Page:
Raising an Only Child Is Harder Than I Ever Imagined

mom helping daughter with project
iStock.com/UberImages
Here's something I learned, over the years as a parent, that came as a total surprise: Raising an only child is harder in some key ways than raising multiple kids.

Advertisement

Yes, I only have only one kid's sports games, sick days, school lunches, homework help, transportation, camp registrations, and playdates to juggle. But my daughter requires way more scheduled activities and attention than a child with siblings, especially on "days off," like weekends, vacation, and holidays.

Around the time she turned 2, I realized that she was quickly losing interest in playing, reading, cuddling, strolling, and going to and from toddler classes with me and me alone. Turns out that like every other human, she's a social being, and needed peers.

More from CafeMom: 16 Only Children Share What They Loved About Growing Up That Way

Luckily, at that time, we lived in an apartment building with lots of kids, including a boy named Charlie who was a year younger than our daughter. He was always eager to follow her around, marveling at her "advanced" skills, like being able to push her doll in a stroller, steal snacks from a cupboard, and open and slam bedroom doors. My daughter adored Charlie, and lovingly bossed him around, day in and day out. In winter, they sometimes napped together in her toddler bed or played in her tent in our living room when we were housebound by howling blizzards. It was the perfect companionship for her, and since I got along really well with Charlie's mom, a win-win situation.

But as our daughter grew, we decided to move to a larger home. Having a yard and more living space was a huge treat for all of us, but the distance from her best friend became an immediate scheduling headache for me. She could no longer just climb up the stairs and bang on Charlie's door on Saturday mornings or pop out to the back deck that we shared with his family, enjoying a dip in his giant kiddie pool on hot summer days. How could I make sure my little one was not lonely, stuck playing by herself all the time? How could I give her plenty of opportunities to develop the social skills that are so crucial to lifelong happiness?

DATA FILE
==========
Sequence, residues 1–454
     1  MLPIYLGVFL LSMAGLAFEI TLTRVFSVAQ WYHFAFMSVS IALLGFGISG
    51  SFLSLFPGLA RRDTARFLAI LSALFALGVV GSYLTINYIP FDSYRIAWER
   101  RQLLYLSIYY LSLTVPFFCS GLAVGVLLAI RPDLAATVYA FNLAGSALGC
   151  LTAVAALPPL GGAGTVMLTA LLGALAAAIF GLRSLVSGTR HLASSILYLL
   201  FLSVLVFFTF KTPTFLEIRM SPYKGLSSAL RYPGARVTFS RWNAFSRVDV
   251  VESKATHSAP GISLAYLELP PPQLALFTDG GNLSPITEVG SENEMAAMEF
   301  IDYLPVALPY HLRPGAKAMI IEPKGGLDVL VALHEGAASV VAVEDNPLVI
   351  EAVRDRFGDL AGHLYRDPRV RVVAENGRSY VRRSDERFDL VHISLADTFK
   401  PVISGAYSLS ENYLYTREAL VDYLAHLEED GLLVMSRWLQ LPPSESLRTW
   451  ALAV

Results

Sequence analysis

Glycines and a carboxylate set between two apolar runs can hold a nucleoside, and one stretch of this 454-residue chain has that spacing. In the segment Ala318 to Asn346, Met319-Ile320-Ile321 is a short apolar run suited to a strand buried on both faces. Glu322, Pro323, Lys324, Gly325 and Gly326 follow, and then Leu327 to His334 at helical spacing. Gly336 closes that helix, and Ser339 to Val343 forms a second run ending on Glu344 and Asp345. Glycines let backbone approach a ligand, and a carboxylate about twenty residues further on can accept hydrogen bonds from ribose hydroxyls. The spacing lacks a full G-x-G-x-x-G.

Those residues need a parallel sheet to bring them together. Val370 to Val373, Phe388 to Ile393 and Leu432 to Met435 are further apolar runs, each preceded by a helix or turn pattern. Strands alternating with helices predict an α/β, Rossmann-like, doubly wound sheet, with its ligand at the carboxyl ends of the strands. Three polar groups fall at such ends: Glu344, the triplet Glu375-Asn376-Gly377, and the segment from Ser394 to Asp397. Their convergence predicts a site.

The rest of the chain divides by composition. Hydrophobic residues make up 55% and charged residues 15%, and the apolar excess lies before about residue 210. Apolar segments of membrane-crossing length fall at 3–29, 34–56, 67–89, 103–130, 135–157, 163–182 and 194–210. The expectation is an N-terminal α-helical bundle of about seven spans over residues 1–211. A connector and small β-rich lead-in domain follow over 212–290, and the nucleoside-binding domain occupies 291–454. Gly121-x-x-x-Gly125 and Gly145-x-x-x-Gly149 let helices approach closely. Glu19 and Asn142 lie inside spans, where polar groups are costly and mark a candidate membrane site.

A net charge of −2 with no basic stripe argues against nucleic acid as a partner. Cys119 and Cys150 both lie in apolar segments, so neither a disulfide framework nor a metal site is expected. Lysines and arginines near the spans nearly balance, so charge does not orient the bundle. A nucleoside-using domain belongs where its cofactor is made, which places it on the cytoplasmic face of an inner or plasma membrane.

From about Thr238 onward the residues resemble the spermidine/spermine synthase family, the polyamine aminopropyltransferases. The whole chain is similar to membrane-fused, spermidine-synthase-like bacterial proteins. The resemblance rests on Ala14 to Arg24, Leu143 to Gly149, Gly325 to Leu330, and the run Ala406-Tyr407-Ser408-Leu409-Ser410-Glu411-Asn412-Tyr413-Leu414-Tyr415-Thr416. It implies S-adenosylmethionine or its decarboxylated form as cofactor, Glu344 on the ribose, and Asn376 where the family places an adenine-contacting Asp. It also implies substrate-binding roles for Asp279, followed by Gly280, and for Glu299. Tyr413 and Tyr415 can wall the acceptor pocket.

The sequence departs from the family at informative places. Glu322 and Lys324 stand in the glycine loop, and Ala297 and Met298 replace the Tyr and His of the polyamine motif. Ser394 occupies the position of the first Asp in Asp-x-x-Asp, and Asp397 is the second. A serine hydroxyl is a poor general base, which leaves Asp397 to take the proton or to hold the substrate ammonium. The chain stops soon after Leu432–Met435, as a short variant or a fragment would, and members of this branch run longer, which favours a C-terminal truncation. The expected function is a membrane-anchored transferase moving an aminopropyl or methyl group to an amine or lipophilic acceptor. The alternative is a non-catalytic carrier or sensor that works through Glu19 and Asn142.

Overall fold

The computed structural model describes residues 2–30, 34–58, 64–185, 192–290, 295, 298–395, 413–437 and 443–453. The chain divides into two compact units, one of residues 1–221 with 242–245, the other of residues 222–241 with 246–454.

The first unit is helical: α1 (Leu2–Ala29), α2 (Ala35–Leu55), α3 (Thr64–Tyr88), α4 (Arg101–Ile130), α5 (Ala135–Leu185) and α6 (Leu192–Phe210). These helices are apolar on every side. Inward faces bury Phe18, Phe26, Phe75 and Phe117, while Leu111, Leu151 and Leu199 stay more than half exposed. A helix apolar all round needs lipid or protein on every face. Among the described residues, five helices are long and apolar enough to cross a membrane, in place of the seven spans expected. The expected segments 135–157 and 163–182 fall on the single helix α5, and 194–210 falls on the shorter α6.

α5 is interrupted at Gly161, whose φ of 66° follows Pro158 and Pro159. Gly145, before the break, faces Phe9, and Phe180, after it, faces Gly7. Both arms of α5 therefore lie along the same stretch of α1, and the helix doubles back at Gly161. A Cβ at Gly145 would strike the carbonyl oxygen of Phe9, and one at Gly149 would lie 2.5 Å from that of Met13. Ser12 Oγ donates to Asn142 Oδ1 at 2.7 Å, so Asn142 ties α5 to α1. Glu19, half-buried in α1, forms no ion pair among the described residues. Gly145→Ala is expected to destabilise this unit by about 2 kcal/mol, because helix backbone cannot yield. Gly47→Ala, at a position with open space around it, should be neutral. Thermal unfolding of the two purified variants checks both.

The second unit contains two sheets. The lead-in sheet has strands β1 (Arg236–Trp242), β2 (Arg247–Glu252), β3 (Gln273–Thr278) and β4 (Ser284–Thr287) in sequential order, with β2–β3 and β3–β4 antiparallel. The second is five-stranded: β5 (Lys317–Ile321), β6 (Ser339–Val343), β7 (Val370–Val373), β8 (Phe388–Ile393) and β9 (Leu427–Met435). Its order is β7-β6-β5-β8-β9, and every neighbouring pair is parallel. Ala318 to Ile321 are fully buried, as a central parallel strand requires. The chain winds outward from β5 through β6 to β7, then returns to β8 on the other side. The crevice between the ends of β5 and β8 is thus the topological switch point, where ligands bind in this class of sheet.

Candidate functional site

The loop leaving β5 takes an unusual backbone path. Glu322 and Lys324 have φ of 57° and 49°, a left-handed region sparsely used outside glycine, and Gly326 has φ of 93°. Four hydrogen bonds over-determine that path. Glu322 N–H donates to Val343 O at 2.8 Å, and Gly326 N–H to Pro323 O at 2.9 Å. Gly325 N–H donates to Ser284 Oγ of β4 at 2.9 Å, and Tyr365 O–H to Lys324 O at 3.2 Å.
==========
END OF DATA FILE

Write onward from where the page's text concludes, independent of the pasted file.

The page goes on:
Somehow, I needed to give her ample time to play with peers, every day. The problem was, most people we knew were busy popping out more babies. They had their hands full and didn't have the same urgent need to find another child for their kid to play with, so scheduling playdates and group classes until she could start preschool started taking up a huge amount of time and effort.

More from CafeMom: 10 Moms Confess How They Really Feel About Little Girls Wearing Bikinis

Because I freelance from home, I found myself increasingly cramming in work at night and on weekends, when my husband could take over the kiddie entertainment, and this was a total drag in itself. We even contemplated having another kid, just so she would have a sibling to play with.

"But we can't have another kid just to entertain the first one," my husband pointed out, and I had to agree. The truth was, we didn't really want a second child. We didn't feel we had the resources or energy to care for another child the way we would want to or hope to, and this didn't seem fair.

I'm sure once our daughter is a little older and can finally schedule her own free time --  meet-ups or even sleepovers (!!) with friends -- things may feel different for all of us, but there are many days I've felt that if only she had a sibling close in age, like many of her friends and neighbors do, I could take several steps back and we'd all be better off for it. Holidays, family vacations, even long car rides and weekend getaways to Grandma and Grandpa's feel like they're an increasingly lonely chore for our kid. She's stuck being the only child among adults, with no one to play with or relate to, and it's heartbreaking to me at times. Some days, I feel like I've monumentally failed her by not producing a sibling.

On the flip side, in addition to being able to offer her so many things we could not offer two kids, her dad and I do so much together with our daughter that we've all formed a really close bond -- one that I never shared with my own parents, probably because I was always busy playing with my siblings. That's something important, lasting, and meaningful I hang on to. And I hope our daughter will, too.

Read More >